BOOK REVIEW – 100 Dresses

BOOK REVIEW – 100 Dresses
If you love the history of fashion, you can never get enough of it. You could spend hours looking at photographs of vintage gowns, each one a unique confection with characteristics typical of its era.

100 Dresses, published by The Costume Institute of the Metropolitan Museum of Art, delivers plenty of eye candy. Some highlights include extreme close-ups of the sequins on an Edwardian era gown, embroidery on a 1953 ball gown by Christian Dior, and ribbon floral designs on a French court presentation ensemble from 1926. The photography is superb.

The dresses are arranged in chronological order, beginning with a magnificent British dress from the late 17th century. The last gown in the book is a “Creation” Ensemble by the House of Dior from the Fall/Winter collection, 2005-06. At least one dress from all major designers was selected for 100 Dresses, including Charles Frederick Worth, Coco Chanel, Paul Poiret, Cristobal Balenciaga, Elsa Schiaparelli, Hubert de Givenchy, Yves Saint Laurent, Gianni Versace, and Alexander McQueen.

The book is written much like exhibition label text. That is to say, it is succinct and to the point, rather than rambling, tangential commentary sometimes found in fashion history books. As one pages through the book, it is much like the experience of wandering through costume galleries.

Admittedly, the earlier portion of the book will be most interesting for historians. Once outlandish runway fashions took over the industry after the mid-20th century, the fashions pictured become less wearable and more artistic in presentation.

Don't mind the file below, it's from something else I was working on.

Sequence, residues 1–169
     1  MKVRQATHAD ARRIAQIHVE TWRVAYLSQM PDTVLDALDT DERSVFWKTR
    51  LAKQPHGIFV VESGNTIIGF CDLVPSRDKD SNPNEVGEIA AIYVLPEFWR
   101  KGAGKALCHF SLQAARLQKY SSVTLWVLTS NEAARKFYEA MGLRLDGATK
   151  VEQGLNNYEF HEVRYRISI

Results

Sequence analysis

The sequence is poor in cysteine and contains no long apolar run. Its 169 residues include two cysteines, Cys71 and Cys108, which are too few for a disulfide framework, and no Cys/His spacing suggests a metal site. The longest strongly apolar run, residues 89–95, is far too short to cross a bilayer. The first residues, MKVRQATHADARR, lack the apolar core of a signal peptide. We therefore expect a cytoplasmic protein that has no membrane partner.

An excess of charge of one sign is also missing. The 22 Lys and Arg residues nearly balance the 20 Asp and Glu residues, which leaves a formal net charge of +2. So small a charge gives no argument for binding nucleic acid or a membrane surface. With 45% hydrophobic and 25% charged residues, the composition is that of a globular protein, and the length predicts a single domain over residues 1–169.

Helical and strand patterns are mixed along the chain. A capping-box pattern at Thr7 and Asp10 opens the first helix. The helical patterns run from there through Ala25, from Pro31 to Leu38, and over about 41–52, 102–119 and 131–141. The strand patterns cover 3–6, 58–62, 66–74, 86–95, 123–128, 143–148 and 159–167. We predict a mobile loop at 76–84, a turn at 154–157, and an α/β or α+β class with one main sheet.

A wonderful glossary in the back of the book helps the novice decode some of the terminology used to describe the details of the dresses.

Choosing just 100 dresses from a collection of thousands was no small task. In his forward, Curator in Charge Harold Koda writes, “…editing to only 100 dresses from the thousands of choice examples was fraught with debate and, on occasion, good-natured contention. Truth be told, establishing a standard for inclusion of one beautiful or elegant dress over another presents, whatever its date and provenance, the same subjectivity that operates whenever we judge others by what they are wearing. Despite the curator’s ability to apply objective criteria and recognized methodologies to identify the history significance, rarity, or technical virtuosity of one gown when compared to another, in the end, it must be confessed, the 100 dresses in this book are often simply the special favorites of one or another of The Costume Institute Staff.”

The staff has, indeed, made excellent choices.

The author checked this book out of the public library and was not compensated in any way for this review.

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